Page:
Classic History Books


The Path of Empire. A Chronicle of the United States as a World Power
by Carl Russell Fish

helped her. Canning is regarded as the ablest English foreign minister of the nineteenth century; at least
no one better embodied the fundamental aspirations of the English people. He realized that liberal

England would be perpetually a minority in a united Europe, as Europe was then organized. He believed

that the best security for peace was not a union but a balance of powers. He opposed intervention in the

internal affairs of nations and stood for the right of each to choose its own form of government.

Particularly he fixed his eyes on America, where he hoped to find weight to help him balance the

autocrats of the Old World. He wished to see the new American republics free, and he believed that in

freedom of trade England would obtain from them all that she needed. Alarmed at the impending

European intervention to restore the rule of Spain or of her monarchical assignees in America, he sought

an understanding with the United States. He proposed to Richard Rush, the United States minister in

London, that the two countries declare concurrently that the independence of Spanish America, was a

fact, that the recognition of the new governments was a matter of time and circumstance, that neither

country desired any portion of Spain's former dominions, but that neither would look with indifference

upon the transfer of any portion of them to another power.

On October 9, 1823, this proposal reached Washington. The answer would be framed by able and most
experienced statesmen. The President, James Monroe, had been almost continuously in public service

since 1782. He had been minister to France, Spain, and England, and had been Secretary of State. In his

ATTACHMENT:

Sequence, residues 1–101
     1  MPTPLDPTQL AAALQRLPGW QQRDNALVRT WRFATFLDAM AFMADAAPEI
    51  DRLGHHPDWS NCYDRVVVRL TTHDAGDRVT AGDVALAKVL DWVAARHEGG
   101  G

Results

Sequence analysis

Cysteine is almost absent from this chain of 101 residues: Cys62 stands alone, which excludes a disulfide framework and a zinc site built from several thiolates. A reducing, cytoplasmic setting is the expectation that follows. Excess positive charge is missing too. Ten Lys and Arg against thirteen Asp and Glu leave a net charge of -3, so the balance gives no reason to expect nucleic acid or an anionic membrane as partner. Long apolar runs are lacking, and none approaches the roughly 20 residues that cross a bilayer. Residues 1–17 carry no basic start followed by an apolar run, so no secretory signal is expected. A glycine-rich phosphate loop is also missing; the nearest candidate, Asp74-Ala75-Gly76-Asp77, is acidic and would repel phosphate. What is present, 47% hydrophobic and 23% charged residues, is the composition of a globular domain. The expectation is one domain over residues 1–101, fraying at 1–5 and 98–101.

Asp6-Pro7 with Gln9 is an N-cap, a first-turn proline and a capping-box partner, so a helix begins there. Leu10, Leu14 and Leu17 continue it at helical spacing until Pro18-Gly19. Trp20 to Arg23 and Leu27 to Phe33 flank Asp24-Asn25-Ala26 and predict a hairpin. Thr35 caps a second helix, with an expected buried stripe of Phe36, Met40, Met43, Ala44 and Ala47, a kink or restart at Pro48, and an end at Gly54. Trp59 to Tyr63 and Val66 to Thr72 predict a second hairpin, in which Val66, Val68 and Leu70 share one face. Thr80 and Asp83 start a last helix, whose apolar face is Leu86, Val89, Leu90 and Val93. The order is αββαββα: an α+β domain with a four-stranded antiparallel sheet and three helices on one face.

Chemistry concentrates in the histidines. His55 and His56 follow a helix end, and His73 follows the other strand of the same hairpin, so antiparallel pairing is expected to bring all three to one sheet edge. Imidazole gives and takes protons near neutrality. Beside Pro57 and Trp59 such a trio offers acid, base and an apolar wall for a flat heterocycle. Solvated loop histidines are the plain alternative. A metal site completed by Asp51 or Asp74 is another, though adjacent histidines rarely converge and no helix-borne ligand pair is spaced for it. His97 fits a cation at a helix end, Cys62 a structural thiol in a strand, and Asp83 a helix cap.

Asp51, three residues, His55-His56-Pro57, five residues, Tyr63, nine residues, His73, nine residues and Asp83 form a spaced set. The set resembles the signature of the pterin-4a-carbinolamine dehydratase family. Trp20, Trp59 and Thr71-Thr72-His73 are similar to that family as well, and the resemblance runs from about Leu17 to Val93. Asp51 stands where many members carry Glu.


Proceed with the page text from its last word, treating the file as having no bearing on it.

earlier missions he had often shown an unwise impetuosity and an independent judgment which was not

always well balanced. He had, however, grown in wisdom. He inspired respect by his sterling qualities of

character, and he was an admirable presiding officer. William H. Crawford, his Secretary of the

Treasury, John C. Calhoun, his Secretary of War, William Wirt, his Attorney-General, and even John

McLean, his Postmaster-General, not then a member of the Cabinet, were all men who were considered

as of presidential caliber.

Foremost in ability and influence, however, was John Quincy Adams, the Secretary of State. Brought up
from early boyhood in the atmosphere of diplomacy, familiar with nearly every country of Europe, he

had nevertheless none of those arts of suavity which are popularly associated with the diplomat. Short,

baldheaded, with watery eyes, he on the one hand repelled familiarity, and on the other hand shocked

some sensibilities, as for example when he appeared in midsummer Washington without a neckcloth. His

early morning swim in the Potomac and his translations of Horace did not conquer a temper which

embittered many who had business with him, while the nightly records which he made of his interviews

show that he was generally suspicious of his visitors. Yet no American can show so long a roll of

diplomatic successes. Preeminently he knew his business. His intense devotion and his native talent had

made him a master of the theory and practice of international law and of statecraft. Always he was

obviously honest, and his word was relied on. Fundamentally he was kind, and his work was permeated

by a generous enthusiasm. Probably no man in America, had so intense a conviction not only of the

correctness of American principles and the promise of American greatness but of the immediate strength

and greatness of the United States as it stood in 1823.

Fully aware as Adams was of the danger that threatened both America and liberty, he was not in favor of
accepting Canning's proposal for the cooperation of England and the United States. He based his

opposition upon two fundamental objections. In the first place he was not prepared to say that the United

States desired no more Spanish territory. Not that Adams desired or would tolerate conquest. At the time

of the Louisiana Purchase he had wished to postpone annexation until the assent of the people of that

province could be obtained. But he believed that all the territory necessary for the geographical

completeness of the United States had not yet been brought under the flag. He had just obtained Florida

 

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